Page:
• Failing that, buy Marine Stewardship Council certified fish. Check regularly because fish populations fluctuate – in fact, I’d say get a web phone so you can check at the point of placing your order or making your purchase.
  • Campaign for a network of policed ocean reserves
  • Campaign for NGOs to have status as litigants in the EU, as they do in the US (have I got that right? I need more info).
  • Contact your MP and MEP to ask them to campaign for lower quotas and an end to subsidised fishing by industrialised fleets in countries like Senegal, depriving the citizens there of livelihood because they can’t compete.
  • In restaurants, always ask about provenance and if you are not completely satisfied with the response (and basically the question to ask is whether it has some kind of certification of sustainability), avoid the fish

Afterwards there were some drinks. As usual, this vegan gulped the wine, but this time with a shifty feeling.  Usually I’m very protective of my booze. It’s the next step in being vegan, just like vegan was the step after becoming vegetarian. It’s on the horizon but I’m not there yet.  Did the wine contain isinglass, the clarifying agent made from the swimbladders of fish? They wouldn’t have served us wine with isinglass of dubious provenance after a film campaigning against fish of dubious provenance. Would they? And I drank it down, a living instantiation of the blind eye.

Matt and I were lucky enough to collar Jeffrey Hutchings, professor of biology at Dalhousie University in Nova Scotia, who had featured in the film (I thought I’d be too busy to blog or I would have mentioned it before I started talking with him). I had the impression that he had thought long and hard about the messages he wanted to communicate. The fish and the wider ocean ecosystem, were at the centre of his concern. He was no misanthrope; he wasn’t fire and brimstone; there was no bitterness. He simply cared deeply about cod. He also cared about the people whose livelihood in in fishing; his position is that it should not be left to them to shoulder the burden of reviving ocean life but that ocean life is our common heritage and that we have a collective responsibility. He told us that they choose their mates, that they are far more deliberate in the way they live their lives than we have assumed, that they are not commodities, that they have lives.

Reflecting on the evening on the way home I thought about how I’m naturally inclined towards more whole-system causes, and how I find the practice of single issue campaigning very interesting. Given that fish have lives, why would I – a human who values life – think it was in any way acceptable to kill and eat them? Why draw the line at unsustainable fishing? Why draw the line at fish, above all other animals?  I bristle when somebody talks about fish in commodifying terms of ‘stocks’ and ‘seafood’.  But I was very impressed with Jeffrey Hutching’s focus and restraint. As somebody else we spoke to from Greenpeace said while making a more general point, my kind of opinions are felt to be hostile, bring out the worst in people, make the problem too big to address, are disempowering, are counterproductive. Consumers need to be made aware, persuaded, appealed to, and perhaps the quietly denied the opportunity to buy, say, cod, or blue fin tuna.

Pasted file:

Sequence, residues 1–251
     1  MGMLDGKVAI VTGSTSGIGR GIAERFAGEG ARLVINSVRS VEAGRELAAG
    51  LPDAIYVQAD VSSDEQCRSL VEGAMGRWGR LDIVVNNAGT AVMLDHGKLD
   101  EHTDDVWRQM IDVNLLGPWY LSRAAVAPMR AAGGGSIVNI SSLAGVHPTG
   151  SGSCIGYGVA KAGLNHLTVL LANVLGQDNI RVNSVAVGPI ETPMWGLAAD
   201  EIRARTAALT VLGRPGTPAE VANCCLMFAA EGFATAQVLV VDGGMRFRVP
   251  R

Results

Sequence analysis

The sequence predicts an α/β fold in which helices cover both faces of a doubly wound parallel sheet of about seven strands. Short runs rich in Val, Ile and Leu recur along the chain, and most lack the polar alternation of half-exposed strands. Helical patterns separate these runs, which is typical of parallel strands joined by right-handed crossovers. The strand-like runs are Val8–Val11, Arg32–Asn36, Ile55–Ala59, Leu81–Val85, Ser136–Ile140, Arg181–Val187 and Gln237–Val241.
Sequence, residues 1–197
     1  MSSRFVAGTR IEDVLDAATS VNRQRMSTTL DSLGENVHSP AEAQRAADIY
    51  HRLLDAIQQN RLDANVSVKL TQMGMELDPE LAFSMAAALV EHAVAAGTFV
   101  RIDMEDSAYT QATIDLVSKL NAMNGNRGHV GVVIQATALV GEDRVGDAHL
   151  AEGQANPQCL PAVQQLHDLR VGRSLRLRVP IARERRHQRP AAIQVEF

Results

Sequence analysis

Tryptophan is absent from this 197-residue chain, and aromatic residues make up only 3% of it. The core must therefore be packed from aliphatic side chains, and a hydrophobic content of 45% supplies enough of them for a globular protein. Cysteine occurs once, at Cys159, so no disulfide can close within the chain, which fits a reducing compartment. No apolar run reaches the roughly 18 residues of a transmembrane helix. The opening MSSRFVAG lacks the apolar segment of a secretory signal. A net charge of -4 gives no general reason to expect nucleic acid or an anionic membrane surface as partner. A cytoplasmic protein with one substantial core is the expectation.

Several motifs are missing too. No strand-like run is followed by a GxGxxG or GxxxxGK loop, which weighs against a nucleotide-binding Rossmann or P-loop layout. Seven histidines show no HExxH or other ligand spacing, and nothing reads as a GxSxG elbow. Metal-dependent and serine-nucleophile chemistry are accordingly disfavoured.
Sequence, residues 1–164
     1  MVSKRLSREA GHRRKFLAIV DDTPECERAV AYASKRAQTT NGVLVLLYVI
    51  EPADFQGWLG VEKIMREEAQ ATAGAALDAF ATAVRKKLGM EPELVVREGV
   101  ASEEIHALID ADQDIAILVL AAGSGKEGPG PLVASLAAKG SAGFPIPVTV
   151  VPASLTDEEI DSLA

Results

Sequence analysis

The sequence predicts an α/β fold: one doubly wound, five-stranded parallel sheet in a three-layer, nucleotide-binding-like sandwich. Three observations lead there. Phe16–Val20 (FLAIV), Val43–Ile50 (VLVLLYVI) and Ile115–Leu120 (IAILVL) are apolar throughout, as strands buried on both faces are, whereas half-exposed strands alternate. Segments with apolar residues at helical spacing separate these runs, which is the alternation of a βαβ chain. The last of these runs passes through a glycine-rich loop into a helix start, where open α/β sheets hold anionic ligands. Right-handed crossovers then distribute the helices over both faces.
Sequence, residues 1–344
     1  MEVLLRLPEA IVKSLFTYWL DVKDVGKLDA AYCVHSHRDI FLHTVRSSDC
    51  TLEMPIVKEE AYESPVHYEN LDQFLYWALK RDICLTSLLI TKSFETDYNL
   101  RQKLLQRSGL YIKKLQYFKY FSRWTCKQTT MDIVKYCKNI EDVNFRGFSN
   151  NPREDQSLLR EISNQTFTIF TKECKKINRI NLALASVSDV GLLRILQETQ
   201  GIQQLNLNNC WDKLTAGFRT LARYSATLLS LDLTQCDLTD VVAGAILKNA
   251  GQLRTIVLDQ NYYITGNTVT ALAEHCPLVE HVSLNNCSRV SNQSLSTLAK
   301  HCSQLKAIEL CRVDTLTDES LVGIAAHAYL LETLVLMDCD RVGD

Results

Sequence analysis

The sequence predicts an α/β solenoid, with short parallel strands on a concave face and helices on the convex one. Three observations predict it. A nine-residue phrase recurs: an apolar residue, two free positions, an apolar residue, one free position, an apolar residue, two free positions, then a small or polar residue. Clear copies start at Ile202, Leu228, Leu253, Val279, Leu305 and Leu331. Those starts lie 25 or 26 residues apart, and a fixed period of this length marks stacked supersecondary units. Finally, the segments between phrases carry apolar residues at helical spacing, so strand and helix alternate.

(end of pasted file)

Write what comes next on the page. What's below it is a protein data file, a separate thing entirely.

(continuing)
I take my hat off to the people who made this film, and the people who are looking out for the fish populations. Also to Jamie Oliver, who seems to eat literally anything, for withdrawing references to blue fin from his programmes and books.

At the end of the film, we learn that Nobu, restaurant frequented by the rich and celebrated, famous for sushi, and for kobi beef from cows which have eaten better than many of the world’s less affluent humans, is still serving up blue fin with the nonsensical caveat: “Bluefin tuna is an environmentally threatened species, please ask your server for an alternative.”

Saying yes to things, watching Duncan Jones’ Moon

On (give or take a month) the 40th anniversary of the Apollo moon landings, Mitch invited us to watch Duncan Jones’ Moon at the Stratford Picture House.

I could feel myself about to say “I think I’ll stay in tonight” when I remembered Matt telling me about a podcast he’d listened to where a bloke had decided to say “Yes” more, so I said “Is it PG”? No, it was Certificate 15. But where violence is concerned I have the viewing-age of an under-twelve.

Sam Bell is an astronaut in charge of a mine works, based alone in a station on the moon without a live communication feed. His sole helper and companion is a robot called GERTY. Two weeks away from the end of a three-year contract he has an accident and when he wakes up, he finds he is not alone any more.

The British Board of Film Classifications explained exactly why it was Certificate 15. I decided to go, because it sounded like a very good film and, as a user of the BBFC’s extended classification information (to me, ‘spoiler’ is a misnomer) I was fairly confident about avoiding the bad bits (but there’s no spoiler in this post). And it’s time to grow up.

I spent the first half hour in a neurotic crash position, two fingers in my ears and four more pressing my eyes shut, my heart beating  “like a little guinea pig” Matt observed unkindly, and as ever astonished by my own pathos.  But the situation was unbelievably claustrophobic, there were sharp implements used by the protagonist, a robot gave a haircut, there was heavy working industrial machinery everywhere, and the noises were menacing. All I could see was sharp or heavy danger, and his impending accident.  I take of my hat to today’s film makers for sheer power over our souls. Watching the old fashioned films this one referenced – 2001, Dark Star – is fine, but modern cinematography penetrates your psyche like a knife into butter.  All the same, there is something a little wrong with my reaction. A film made me jump once and I never got over it.